New Safety, Stability Studies on LactoSpore Probiotic

July 26, 2016

Recent research findings shared by Sabinsa suggest its LactoSpore probiotic strain is safe for human consumption and remains consistent over multiple years of commercial production.

Hot on the heels of the probiotic ingredient LactoSpore receiving a “no objections” GRAS letter from FDA, Sabinsa (East Windsor, NJ) has shared new safety and stability studies supporting its shelf-stable probiotic. In addition to other recent studies suggesting LactoSpore (Bacillus coagulans MTCC 5856) may provide relief from diarrhea when taken alone and in combination with pharmaceutical drugs, the new research findings indicate LactoSpore is safe for human consumption and remains stable across multiple years of commercial production.

In the first study1, published in the Journal of Clinical Toxicology, 40 healthy adults aged 18 and older were randomized to consume either LactoSpore or a placebo for 30 days as part of the double-blind, placebo-controlled trial. The LactoSpore group consumed one 600-mg tablet per day, each containing 2 x 109 CFUs of the probiotic. Researchers monitored blood hematology, weight, BMI, blood pressure, heart rate, adverse events, Bristol stool score, tolerability questionnaire, and a bowel habit diary of study participants across the 30-day period.

Researchers found LactoSpore was well tolerated, with a similar number of bowel movements, Bristol stool scores, and mild adverse events observed between the placebo group and the LactoSpore group.

“This study has verified that B. coagulans MTCC 5856 at a dose of 2 x 109 CFU (spores)/day was safe and tolerable in healthy participants when supplemented for 30 days,” researchers concluded.

In a separate study2, researchers found that LactoSpore remained stable over multiple years of commercial production. While intra-species genomic diversity can leave B. coagulans strains prone to alteration across years of production, researchers found that the same strain of B. coagulans was present in LactoSpore over three years of commercial production. The study included phenotypic and genotypic testing techniques, including biochemical profiling, BOX PCR fingerprinting, 14S rRNA sequencing, and multi-locus-sequence testing.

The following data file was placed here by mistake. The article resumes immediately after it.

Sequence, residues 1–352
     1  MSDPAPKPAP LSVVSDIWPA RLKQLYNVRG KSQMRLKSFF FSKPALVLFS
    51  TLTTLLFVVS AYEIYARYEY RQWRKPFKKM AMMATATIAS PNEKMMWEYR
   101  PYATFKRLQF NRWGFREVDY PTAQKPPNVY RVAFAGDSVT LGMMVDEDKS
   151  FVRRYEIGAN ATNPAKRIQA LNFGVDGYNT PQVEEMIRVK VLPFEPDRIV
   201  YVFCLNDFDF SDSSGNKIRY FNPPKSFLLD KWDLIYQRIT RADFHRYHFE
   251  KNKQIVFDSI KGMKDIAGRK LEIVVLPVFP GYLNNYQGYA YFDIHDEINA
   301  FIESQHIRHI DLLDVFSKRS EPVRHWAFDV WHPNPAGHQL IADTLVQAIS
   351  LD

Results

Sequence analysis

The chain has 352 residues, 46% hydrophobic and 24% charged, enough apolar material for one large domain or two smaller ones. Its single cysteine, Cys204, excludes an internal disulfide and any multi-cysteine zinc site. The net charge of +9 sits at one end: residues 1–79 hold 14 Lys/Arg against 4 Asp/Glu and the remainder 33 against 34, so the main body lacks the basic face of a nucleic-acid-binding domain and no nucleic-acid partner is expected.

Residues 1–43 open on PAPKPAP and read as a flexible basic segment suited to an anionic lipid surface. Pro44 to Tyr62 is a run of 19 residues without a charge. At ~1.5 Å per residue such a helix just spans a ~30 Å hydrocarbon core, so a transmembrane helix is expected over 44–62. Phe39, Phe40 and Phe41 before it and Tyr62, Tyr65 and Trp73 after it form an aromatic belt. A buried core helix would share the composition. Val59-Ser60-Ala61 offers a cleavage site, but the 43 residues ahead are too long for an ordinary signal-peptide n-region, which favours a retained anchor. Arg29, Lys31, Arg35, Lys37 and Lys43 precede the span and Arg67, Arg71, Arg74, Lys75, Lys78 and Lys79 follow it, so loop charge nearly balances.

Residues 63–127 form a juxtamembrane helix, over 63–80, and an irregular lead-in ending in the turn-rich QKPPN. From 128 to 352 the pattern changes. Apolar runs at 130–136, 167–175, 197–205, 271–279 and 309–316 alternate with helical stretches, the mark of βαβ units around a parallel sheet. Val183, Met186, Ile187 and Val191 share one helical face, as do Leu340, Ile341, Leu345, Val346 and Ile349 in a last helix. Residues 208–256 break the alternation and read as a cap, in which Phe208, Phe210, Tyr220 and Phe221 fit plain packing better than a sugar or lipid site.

Additionally, LactoSpore was found to be non-cytotoxic, non-mutagenic, negative for enterotoxin genes, and stable for 36 months at an ambient temperature of 23 +/- 2 °C.

In a recent press release, Sabinsa celebrated the positive results of this latest research behind LactoSpore, which has now been on the market for more than 20 years.

“The body of science on the safety and efficacy of LactoSpore continues to grow, said Shaheen Majeed, marketing director for Sabinsa. “With the recent ‘no objections’ letter from the U.S. FDA on LactoSpore’s GRAS status, and additional published studies, the demand for LactoSpore continues to surge ahead.”

Majeed also pointed out that LactoSpore’s researched clinical benefits are strain-specific, making them unique to Sabinsa and its customers.

 

Read more:

LactoSpore Probiotic Remains Stable in Variety of Food Types, Study Says

A 2016 Update: Promising New Science on Probiotics

The World’s First Cranberry Probiotic Peanut Butter Cup?

 

Michael Crane
Associate Editor
Nutritional Outlook Magazine
michael.crane@ubm.com

References:

1.     Majeed M et al., “A double-blind, placebo-controlled, parallel study evaluating the safety of Bacillus coagulans MTCC 5856 in healthy individuals,” Journal of Clinical Toxicology, vol. 6, no. 1 (February 2016): 283

2.     Majeed M et al., “Evaluation of genetic and and phenotypic consistency of Bacillus coagulans MTCC 5856: a commercial probiotic strain,” World Journal of Microbiology and Biotechnology, vol. 32, no. 4 (February 2016): 60